Warning notice

Criminal legal aid and clients’ best interests

Issued on 27 July 2015


Whilst this document does not form part of the SRA Handbook, the SRA may have regard to it when exercising its regulatory functions.

Who is this guidance relevant to?

Individual solicitors and firms undertaking criminal defence work.

Our concerns

We are concerned that solicitors and firms may not act in the best interests of each individual client, as required by the SRA Principles, should the protocol issued by the London Criminal Courts Solicitors Association (Protocol Phase 2 The Crown Court) be followed without fully considering the circumstances of each individual client.

It is a matter for each firm and individual solicitor to decide whether or not to represent clients in criminal cases. However, at all times, individuals and firms are bound to comply with regulatory requirements and the protocol issued by the LCCSA does not, in any way, modify these requirements.

Creating a limited pro bono retainer

Where you have a retainer with a client, whether it is pro bono or not, you have a duty to act in the client’s best interests and to ensure the client is in a position to make an informed decision on their matter. Whilst it is open to you to limit a retainer, it is not clear why to do so would be in the best interests of a criminal defendant client. In order to achieve Outcome (1.12), you must inform the client of all his choices. It is likely to be in the client’s best interests to instruct another firm able to act for him fully and to apply for legal aid. You should advise your client accordingly or as to any other options open to him.

Terminating a retainer

The Protocol also seeks to apply a policy described as ‘no returns’. Where a firm is instructed in a criminal case where advocacy in court is required by the client, it is in the best interests of the client for the firm to use its best endeavours to secure advocacy for the client. This may include the use of appropriately qualified advocates employed by the firm as well as external advocates. Given this, it is not apparent that a firm following the approach of “if an instructed solicitor advocate is unable to cover a hearing the case will not revert to another member of the firm” would be compliant with existing regulatory obligations. It is the client’s best interests that are paramount once instructions have been accepted. Such conduct is likely to undermine public confidence in the provision of legal services. It should be remembered that you can only terminate your retainer with good reason and on reasonable notice.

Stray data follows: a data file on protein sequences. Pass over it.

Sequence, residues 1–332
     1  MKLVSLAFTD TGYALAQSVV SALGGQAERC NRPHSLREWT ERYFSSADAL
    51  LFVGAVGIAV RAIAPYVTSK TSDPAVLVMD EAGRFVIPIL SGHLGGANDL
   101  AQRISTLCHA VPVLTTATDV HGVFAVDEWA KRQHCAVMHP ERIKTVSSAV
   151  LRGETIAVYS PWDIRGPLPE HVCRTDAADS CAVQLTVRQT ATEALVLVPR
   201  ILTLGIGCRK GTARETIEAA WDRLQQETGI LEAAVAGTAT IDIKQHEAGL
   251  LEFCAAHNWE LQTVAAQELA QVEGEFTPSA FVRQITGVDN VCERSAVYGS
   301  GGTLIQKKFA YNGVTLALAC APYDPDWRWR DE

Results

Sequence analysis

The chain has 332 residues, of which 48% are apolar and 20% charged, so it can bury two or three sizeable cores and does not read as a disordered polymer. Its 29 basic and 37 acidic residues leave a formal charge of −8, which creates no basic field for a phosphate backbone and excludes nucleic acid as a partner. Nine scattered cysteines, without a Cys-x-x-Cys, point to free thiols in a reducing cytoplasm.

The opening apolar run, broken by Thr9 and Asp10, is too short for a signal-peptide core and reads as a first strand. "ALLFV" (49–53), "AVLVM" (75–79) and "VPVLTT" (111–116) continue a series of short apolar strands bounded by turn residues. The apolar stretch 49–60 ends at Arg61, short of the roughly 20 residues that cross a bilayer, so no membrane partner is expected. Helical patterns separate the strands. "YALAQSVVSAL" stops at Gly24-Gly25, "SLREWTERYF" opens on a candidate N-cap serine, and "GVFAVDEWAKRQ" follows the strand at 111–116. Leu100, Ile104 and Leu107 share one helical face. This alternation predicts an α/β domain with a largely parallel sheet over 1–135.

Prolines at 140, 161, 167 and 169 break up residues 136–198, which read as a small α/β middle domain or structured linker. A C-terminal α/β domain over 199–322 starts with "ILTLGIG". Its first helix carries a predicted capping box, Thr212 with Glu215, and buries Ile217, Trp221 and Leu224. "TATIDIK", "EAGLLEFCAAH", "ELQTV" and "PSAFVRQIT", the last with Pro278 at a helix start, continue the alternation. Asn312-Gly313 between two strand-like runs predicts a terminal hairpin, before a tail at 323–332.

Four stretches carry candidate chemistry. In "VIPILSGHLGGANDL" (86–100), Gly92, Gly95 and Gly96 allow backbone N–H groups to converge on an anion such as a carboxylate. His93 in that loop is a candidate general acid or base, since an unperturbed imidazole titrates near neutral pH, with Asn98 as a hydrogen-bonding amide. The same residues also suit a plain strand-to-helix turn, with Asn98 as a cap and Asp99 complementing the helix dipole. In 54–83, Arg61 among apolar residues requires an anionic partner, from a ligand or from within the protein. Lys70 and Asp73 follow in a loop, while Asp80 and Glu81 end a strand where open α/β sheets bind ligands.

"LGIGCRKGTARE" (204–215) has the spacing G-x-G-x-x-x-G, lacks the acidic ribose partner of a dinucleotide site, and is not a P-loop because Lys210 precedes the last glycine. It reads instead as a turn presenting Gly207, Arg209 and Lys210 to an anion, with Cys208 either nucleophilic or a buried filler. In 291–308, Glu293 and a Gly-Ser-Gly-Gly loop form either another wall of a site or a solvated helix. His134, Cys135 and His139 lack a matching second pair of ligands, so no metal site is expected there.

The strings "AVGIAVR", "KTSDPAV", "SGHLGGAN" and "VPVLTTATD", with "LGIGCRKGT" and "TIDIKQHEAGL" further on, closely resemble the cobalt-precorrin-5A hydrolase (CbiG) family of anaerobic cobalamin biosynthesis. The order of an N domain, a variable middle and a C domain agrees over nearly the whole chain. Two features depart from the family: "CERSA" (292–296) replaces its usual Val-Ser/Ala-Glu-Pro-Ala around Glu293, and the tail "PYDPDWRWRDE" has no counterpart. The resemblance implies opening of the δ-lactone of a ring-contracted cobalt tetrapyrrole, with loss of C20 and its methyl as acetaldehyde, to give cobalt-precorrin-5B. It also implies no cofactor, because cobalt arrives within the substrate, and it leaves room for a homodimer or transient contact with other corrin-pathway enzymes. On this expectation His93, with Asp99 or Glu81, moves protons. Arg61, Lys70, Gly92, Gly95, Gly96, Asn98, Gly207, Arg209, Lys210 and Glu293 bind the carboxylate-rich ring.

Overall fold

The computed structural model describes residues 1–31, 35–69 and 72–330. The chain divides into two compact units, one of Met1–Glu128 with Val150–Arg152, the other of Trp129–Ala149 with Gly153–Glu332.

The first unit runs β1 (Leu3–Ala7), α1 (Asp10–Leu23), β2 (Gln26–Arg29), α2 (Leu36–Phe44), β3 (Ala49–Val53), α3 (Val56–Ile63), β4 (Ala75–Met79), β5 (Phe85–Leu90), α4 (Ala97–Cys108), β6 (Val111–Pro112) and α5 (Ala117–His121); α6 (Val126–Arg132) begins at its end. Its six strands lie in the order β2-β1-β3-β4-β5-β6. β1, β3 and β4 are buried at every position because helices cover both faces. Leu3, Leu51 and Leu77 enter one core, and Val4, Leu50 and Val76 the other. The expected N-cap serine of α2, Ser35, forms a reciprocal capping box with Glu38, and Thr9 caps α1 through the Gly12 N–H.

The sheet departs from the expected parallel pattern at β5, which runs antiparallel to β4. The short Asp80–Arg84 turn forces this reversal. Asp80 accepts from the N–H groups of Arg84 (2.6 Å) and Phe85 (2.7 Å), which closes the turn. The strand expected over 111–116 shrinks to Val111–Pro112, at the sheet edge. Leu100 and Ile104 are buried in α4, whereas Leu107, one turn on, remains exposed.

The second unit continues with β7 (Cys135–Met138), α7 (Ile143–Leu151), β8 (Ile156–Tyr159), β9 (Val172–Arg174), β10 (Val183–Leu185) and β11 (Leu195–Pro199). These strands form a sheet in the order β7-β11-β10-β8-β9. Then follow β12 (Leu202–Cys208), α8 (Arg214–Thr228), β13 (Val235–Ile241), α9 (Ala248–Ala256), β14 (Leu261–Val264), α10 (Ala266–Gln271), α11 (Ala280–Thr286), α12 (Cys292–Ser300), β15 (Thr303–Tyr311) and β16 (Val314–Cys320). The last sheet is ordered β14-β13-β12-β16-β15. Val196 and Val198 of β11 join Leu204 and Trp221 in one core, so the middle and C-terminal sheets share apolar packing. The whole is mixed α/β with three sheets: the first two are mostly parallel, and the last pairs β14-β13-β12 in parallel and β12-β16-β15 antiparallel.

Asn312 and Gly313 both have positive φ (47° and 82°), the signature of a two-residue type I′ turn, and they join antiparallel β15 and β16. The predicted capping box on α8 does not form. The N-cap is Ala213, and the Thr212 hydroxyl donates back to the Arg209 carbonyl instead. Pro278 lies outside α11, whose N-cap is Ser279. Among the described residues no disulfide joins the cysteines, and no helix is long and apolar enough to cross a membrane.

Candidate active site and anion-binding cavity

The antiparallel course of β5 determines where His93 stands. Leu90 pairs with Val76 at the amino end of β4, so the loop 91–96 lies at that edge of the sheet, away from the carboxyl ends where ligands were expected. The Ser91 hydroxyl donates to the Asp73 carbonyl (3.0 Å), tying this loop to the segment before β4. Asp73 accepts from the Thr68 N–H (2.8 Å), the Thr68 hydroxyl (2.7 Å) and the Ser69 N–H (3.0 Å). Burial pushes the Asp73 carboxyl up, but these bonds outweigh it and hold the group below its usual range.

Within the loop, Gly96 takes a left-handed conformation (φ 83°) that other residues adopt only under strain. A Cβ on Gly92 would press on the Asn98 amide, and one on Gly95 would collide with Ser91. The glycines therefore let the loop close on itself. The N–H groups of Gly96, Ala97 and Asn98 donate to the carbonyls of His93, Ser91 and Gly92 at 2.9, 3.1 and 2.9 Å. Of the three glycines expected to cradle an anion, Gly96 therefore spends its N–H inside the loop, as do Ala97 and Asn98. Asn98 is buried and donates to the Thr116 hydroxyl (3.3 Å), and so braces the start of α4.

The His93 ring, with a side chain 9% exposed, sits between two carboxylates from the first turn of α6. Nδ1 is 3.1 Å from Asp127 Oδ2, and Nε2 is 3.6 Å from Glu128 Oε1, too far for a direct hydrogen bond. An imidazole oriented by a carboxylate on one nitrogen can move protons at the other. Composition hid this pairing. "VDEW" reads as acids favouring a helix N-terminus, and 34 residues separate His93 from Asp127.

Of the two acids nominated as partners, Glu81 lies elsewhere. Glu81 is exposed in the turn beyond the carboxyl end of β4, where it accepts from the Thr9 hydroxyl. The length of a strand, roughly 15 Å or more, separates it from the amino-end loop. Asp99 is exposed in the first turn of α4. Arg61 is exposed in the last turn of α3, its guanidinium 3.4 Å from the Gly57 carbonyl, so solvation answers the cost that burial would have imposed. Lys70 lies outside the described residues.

The SRA Principles

Principle 1 - upholding the rule of law and the proper administration of justice.

Principle 2 - act with integrity.

Principle 3 - not allow your independence to be compromised.

Principle 4 - act in the best interests of each client.

Principle 5 - provide a proper standard of service to your clients.

Principle 6 - behave in a way that maintains the trust the public places in you and in the provision of legal services.

Mandatory outcomes

You need to comply with the Solicitors Regulation Authority code of conduct and in particular the following outcomes:

  • Outcome (1.1) you treat your clients fairly;
  • Outcome (1.2) you provide services to your clients in a manner which protects their interests in their matter, subject to the proper administration of justice;
  • Outcome (1.3) when deciding whether to act or terminate your instructions you comply with the law and the code;
  • Outcome (1.5) the service you provide to clients is competent. Delivered in a timely manner and takes account of your clients needs and circumstances;
  • Outcome (1.12) clients are in a position to make informed decisions about the services they need, how their matter will be handled and the options available to them.

Enforcement action

Failure to comply with this warning notice may lead to disciplinary action.

Further help

SRA Chief Executive Paul Philip on 4 August 2015 wrote to LCCSA Chair Jonathan Black setting out the SRA's position.Download the letter (PDF 3 pages, 92k)

If you require further help in understanding your obligations under the Handbook, please contact the Professional Ethics team.